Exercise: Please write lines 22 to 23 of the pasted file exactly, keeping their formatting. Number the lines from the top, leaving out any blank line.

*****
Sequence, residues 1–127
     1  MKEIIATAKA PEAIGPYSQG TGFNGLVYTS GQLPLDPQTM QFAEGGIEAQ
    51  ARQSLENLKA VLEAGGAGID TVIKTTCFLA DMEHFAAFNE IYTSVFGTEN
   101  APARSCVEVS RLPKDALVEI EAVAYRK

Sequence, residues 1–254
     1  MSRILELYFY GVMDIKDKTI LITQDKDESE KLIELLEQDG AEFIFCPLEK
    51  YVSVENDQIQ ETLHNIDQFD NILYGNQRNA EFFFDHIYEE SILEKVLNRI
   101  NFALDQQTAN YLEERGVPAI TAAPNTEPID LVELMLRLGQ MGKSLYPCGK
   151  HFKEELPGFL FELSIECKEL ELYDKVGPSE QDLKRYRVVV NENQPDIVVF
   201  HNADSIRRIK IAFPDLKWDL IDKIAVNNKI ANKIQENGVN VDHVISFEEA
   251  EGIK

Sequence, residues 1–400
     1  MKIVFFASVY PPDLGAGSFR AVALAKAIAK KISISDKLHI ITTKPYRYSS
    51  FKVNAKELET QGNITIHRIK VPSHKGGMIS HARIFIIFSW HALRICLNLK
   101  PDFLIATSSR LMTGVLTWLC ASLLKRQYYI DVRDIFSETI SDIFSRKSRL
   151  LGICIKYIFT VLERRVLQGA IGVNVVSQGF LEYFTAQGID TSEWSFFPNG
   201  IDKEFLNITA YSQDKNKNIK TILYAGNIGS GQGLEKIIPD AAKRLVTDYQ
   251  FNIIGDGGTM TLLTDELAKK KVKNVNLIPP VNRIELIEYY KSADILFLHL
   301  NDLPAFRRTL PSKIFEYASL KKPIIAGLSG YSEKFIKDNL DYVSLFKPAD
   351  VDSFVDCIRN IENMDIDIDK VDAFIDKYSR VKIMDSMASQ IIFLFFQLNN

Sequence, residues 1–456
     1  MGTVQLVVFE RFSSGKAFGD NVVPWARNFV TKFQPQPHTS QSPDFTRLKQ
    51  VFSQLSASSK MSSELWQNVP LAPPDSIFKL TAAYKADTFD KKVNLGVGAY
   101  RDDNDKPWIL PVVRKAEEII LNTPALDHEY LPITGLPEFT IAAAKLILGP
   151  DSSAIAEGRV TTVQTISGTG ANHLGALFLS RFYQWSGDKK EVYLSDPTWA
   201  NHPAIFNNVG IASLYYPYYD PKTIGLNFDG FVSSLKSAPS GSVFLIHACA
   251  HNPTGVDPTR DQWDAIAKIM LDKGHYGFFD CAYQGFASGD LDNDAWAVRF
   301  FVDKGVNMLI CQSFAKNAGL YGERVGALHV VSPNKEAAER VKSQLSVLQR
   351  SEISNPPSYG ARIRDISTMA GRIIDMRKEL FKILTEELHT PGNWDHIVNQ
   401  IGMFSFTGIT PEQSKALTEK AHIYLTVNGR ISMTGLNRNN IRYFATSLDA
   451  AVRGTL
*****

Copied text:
     1  MGTVQLVVFE RFSSGKAFGD NVVPWARNFV TKFQPQPHTS QSPDFTRLKQ
    51  VFSQLSASSK MSSELWQNVP LAPPDSIFKL TAAYKADTFD KKVNLGVGAY